High Altitudes in Chicago – John Hancock Observatory and Wilis Tower
Being raised in a city myself, I am no stranger to buildings of dizzling heights and strange architecture. While my fellow international exchange friends were awestruck by the size of the buildings in Chicago, I found myself, strangely, at home. I had the distinct opportunity to visit John Hancock and Wilis Tower on two separate Chicago trips, so here’s an exclusive insight into which I feel is the better option, if you only have a day to spare!
John Hancock Observatory
I did not actually visit the John Hancock Observatory itself – after reading reviews on the iPhone App, GuidePal, I visited the Signature Lounge instead which offers equally compelling view at equal (if not cheaper, if you so decide to only order soft drinks at US$5!) prices as the Observatory. I was amazed by how neat and organised the city was – and from here, you can be rewarded with a skyline view of the Chicago city (something you cannot get with Wilis Tower). You are able to view Navy Pier in all its glory, and partake in how the city is basked in sunlight (or snow during winter!). Coupled with the lounge setting and the right hours, you will not be swarmed by hoards of tourists that you see in the Observatory.
Be prepared for dismal service though. I was not well attended to, in spite of few customers on the day of my visit and more than adequate number of staffs catering to each customer. That is the only bummer in an otherwise superior experience.
Nonetheless, this is my personal favourite between the two. If you only have time (and money) for one skydeck, this is the one to go to. You will not be disappointed.
875 N Michigan Ave Chicago, IL 60611
Sunday to Thursday: 11am to 12.30am
Fridays & Saturdays: 11am to 1.30am
I visited the Wilis Tower Skydeck as well. Wilis Tower is the tallest skyscraper in Chicago, standing at 108-storey with a total height of 442m. When in Chicago, you would be able to immediately identify Wilis Tower simply by looking up – and looking for a black tower with two distinctive antennas. What distinguishes Wilis Tower from other sky-high viewing decks however, is its unique enclosed glass balconies that extend out of the building, allowing you to have a sweeping view of not just Lake Michigan and its surroundings, but very pedestrians walking around the street!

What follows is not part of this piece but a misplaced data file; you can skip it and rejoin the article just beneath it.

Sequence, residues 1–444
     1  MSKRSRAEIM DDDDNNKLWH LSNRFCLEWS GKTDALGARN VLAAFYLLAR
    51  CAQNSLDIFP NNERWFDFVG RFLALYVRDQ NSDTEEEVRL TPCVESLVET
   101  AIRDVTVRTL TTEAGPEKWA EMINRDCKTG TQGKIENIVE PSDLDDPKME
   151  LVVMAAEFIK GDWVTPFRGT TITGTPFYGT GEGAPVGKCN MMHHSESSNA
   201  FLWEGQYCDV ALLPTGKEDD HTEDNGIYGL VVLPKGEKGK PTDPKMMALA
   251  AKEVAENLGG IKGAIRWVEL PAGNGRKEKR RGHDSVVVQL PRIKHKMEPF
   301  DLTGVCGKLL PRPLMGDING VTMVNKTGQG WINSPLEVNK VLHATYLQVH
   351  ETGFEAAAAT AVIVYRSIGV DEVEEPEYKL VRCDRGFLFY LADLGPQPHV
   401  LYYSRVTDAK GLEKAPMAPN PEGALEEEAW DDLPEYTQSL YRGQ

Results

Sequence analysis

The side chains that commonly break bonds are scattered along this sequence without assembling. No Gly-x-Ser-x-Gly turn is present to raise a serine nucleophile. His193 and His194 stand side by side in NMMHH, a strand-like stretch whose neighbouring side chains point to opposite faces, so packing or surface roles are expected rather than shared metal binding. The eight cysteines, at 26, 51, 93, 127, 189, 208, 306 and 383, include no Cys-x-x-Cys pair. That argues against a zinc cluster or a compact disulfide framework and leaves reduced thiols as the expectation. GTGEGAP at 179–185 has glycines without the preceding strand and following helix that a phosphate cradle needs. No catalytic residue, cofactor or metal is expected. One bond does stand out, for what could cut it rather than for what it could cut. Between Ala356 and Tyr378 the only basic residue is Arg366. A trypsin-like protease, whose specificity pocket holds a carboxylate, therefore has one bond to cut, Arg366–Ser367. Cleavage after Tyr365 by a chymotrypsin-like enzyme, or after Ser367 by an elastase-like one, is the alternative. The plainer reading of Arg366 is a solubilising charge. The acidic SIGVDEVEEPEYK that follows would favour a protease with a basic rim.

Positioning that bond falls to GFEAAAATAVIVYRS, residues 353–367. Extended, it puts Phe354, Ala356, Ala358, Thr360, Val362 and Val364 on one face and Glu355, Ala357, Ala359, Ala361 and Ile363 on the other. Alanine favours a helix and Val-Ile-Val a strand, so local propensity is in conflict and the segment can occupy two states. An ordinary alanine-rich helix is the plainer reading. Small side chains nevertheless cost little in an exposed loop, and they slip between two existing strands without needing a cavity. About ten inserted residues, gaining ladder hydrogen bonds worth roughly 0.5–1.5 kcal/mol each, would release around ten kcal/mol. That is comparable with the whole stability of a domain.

While certainly it was a treat to view breathtaking skylines from here, be warned that it may be steep at an admission price of US$18 (but then again, John Hancock Observatory costs US$17.50). You will not be able to view the Chicago city skyline in its awe and glory though – after all, Wilis Tower is part of the Chicago city skyline itself!
Prior to entering the skydeck, you would view an exhibition of how the building was accomplished, as well as key landmarks around Chicago. I would say that this is definitely an interactive experience that would please first-time visitors to Chicago, who may not know anything at all about the city. On a good day, the lift would bring you to the 103-storey – otherwise, you may only end up on the other observatory at the 99th floor. Do take a moment to step into the glass enclosure – conquer your fear of height, and you can be assured that it is 100% safe!
The Wilis Tower is an extremely popular attraction, and unless you are willing to fork out more money to skip the line, you can face up to 2-3 hours wait. To avoid this, you can go early in the wee hours of the morning – which is either 9am (Fall) or 10am (Spring), or after 5pm, when the queues die off. I went late at night, at around 7pm – so I could only capture the city at night. It is nonetheless beautiful, though I wish I came in earlier to watch the sunset.
233 S Wacker Dr Chicago, IL 60606
Apr-Sep: Daily 9a-10p; Oct-Mar: Daily 10a-8p